The unknown dataset was ranked by the score variables, and is the rank variable. The same process that was just applied to the known dataset was used. But then the rank variable was generated, . Table 1 shows the rank and score variables for the unknown set and known set . For the known dataset , according to the validation variable, , choose the lower validation objects. We order the values to obtain the order , and we generated the candidate score variables, , and candidate rank variables in Table 2.

tab1
Table 1: Rank and score variables for unknown set and known set . It shows the rank and score variables for the unknown set and known set . The ID column shows the identity object. Each of which contains the scores for variables, , where , and the known dataset has a validation variable . The score values for objects in the unknown dataset can then be denoted by , and the rank values can be denoted by . The score values for object in the known dataset can then be denoted by , and the rank values can be denoted by .
tab2
Table 2: The validation candidate dataset. It shows the validation candidate dataset. The ID′ column is identity objects, but their order is dependent to the order of the validation variable, order . We generated the candidate score variables, , and candidate rank variables .
2.2.2. Zone Algorithm

Given , , and where and , the following algorithm was used to generate the zone. We used and to denote the validation candidate dataset zone and the unknown dataset zone, respectively.

Algorithm 2. (1) In the unknown dataset, the transferred score and the transferred rank score were generated by the following:
(2) For every and are used to find the zone from the unknown dataset .
(2.1) According to the to generate order of the unknown set .
For validation candidate data, first and are used to find the first zone in the order of the unknown dataset .
(2.1.1) Case I: When and , then. If , we keep to add , until and where is integer number. When the objects are in the regions, we defined the zone of the object as .(2.1.2)Case II: When and , then . If , we keep to find until and where is integer number. When the objects are in the regions, we defined the zone of the object as.
(2.2) For every , and , first to find the at and. These values must be constrained by one of the following two situations. One is and and or another is and and where and are integers. When objects are in the following one of the two regions or, we defined the or as new zone. When the new zone is overlapping previous zone, the zone is the same as previous zone. When the objects are between two zones, these objects generated other zones.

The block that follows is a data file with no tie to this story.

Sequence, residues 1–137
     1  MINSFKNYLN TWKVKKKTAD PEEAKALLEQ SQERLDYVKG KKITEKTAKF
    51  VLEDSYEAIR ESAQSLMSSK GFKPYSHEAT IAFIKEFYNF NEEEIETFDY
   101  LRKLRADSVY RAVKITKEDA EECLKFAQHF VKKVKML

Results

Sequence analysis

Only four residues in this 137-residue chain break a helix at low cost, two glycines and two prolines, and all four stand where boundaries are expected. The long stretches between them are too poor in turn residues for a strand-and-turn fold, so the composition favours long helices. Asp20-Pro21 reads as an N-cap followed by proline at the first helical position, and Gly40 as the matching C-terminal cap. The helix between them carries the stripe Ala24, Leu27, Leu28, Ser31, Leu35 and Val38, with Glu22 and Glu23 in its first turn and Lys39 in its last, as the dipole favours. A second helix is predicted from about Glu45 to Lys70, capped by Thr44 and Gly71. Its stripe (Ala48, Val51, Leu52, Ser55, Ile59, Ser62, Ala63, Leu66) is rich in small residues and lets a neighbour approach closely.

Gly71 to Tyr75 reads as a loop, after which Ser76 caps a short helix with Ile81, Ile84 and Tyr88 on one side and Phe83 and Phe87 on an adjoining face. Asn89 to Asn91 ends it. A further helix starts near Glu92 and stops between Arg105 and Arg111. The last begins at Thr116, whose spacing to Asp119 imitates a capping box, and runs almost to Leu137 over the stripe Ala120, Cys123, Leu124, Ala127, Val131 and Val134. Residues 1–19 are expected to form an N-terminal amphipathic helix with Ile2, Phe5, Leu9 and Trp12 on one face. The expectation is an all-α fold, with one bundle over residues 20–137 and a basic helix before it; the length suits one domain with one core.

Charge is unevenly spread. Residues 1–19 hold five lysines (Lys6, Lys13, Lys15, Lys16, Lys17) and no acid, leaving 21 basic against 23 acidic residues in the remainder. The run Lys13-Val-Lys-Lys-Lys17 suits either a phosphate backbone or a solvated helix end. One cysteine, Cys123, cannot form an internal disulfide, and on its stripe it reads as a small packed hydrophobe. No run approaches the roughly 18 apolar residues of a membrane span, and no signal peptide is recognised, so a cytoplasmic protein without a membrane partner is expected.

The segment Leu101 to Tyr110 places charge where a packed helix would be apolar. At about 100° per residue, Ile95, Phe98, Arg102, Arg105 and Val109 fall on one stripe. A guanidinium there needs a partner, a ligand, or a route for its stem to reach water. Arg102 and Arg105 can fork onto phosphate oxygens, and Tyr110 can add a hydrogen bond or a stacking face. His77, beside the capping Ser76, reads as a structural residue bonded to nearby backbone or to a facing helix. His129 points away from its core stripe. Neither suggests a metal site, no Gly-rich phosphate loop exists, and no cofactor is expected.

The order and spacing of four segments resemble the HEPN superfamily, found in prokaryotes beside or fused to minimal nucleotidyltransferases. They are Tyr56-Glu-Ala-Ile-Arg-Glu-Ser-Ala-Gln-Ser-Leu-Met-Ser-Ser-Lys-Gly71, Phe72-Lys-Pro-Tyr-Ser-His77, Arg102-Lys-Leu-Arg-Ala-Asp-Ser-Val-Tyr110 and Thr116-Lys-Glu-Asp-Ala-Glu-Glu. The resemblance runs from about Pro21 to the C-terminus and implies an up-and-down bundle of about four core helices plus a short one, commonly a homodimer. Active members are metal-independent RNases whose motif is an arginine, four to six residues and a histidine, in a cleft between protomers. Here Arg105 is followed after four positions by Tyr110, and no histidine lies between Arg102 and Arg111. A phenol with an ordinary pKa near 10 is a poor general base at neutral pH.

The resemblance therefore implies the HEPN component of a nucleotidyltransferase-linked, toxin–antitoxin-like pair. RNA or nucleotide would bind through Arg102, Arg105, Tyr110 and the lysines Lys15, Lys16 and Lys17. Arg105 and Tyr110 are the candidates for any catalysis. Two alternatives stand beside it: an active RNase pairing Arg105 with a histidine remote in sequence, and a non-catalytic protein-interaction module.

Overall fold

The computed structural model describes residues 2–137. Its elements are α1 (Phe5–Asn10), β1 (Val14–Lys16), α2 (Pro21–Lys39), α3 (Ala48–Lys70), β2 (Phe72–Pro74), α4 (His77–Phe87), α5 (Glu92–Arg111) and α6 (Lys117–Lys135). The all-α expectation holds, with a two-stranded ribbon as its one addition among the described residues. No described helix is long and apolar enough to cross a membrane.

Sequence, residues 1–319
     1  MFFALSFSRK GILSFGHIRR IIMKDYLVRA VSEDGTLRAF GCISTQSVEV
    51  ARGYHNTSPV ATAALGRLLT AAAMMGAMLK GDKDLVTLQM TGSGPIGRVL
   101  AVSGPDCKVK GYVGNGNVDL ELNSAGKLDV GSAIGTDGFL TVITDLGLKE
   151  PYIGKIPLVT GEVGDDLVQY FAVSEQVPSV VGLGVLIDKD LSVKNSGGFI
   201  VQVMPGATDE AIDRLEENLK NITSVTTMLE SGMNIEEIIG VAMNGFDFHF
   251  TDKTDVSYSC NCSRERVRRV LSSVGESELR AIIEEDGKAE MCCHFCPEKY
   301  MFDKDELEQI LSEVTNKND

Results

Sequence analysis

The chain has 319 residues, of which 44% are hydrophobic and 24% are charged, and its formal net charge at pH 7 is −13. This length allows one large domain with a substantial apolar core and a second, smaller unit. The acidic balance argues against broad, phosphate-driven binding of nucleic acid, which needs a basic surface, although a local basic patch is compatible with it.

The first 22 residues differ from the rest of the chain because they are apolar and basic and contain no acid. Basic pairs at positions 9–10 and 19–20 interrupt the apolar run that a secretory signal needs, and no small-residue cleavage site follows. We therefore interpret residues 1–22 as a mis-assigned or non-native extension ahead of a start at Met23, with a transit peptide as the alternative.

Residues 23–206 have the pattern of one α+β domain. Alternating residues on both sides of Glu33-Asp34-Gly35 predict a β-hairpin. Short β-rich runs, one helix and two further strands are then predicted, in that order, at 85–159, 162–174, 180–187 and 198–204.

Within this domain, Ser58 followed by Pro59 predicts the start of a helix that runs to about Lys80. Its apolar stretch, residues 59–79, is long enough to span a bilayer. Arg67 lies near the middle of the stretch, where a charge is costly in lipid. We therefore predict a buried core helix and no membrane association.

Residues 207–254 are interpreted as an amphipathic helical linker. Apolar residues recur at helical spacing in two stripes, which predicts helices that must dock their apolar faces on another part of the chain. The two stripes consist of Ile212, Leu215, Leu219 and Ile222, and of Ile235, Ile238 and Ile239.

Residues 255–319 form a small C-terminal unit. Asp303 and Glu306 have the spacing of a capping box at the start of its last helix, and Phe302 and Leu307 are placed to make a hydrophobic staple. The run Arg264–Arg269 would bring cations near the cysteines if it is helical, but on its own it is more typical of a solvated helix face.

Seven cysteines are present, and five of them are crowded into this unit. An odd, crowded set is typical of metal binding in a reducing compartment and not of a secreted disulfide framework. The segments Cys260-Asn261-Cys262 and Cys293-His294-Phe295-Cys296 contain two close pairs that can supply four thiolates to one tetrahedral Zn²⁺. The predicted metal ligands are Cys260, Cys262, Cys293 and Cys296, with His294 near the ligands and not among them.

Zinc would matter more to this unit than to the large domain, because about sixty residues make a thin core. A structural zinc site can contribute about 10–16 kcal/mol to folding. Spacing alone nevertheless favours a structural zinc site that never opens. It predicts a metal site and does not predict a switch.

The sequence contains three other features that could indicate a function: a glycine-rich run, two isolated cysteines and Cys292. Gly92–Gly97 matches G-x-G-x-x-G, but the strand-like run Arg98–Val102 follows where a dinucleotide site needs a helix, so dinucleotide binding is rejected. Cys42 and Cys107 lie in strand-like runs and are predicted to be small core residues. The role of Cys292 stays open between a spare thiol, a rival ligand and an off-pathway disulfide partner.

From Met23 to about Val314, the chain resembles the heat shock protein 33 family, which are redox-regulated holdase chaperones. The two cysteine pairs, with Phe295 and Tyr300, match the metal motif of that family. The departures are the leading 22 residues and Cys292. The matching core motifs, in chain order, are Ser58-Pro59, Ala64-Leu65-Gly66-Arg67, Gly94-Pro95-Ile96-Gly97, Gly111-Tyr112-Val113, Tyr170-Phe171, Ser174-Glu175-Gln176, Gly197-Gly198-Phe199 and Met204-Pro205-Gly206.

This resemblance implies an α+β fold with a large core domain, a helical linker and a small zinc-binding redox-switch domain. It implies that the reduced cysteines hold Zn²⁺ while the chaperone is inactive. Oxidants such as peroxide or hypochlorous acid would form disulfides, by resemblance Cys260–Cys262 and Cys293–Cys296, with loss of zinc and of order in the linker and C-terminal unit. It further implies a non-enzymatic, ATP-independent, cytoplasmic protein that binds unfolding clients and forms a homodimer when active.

(3) From step (2), we can obtain zone for the unknown dataset . Hence, every object in the unknown dataset A has the zone and is denoted as .
(4) The each object, , in the known candidate dataset gets .
If , the rank in the unknown dataset is transformed into a known dataset by the rank transformation (Table 3(a)). The rule of the transferred rank is . When the numbers of elements in the unknown dataset and in the known dataset are different, it is impossible to identify the poultry with the same rank in the two sets, and thus the ranks for unknown dataset need to be transformed. The ranks for the posttransformation unknown dataset that are close to the ranks for the known dataset are selected. The is the ratio of the position in the known dataset. This ratio of the position is also in the unknown dataset, so that it is times this ratio. According to (1), the unknown dataset generated a rank similar to that of the known dataset.
Assume that both distributions are normal. The means and standard deviations of the unknown dataset and the known dataset are different. The order transferred score was generated as the following: , where and are mean the score and the standard deviation for known dataset , respectively, and and for unknown dataset .
For the same variables, there were identical distributions. As the mean concentrations of poultry serum proteins for the two datasets were different, the tendency of the poultry scores is observed. In this situation, is the Z-score for the unknown dataset. However, the known set must have the same Z-score. Thus, (1) is generated.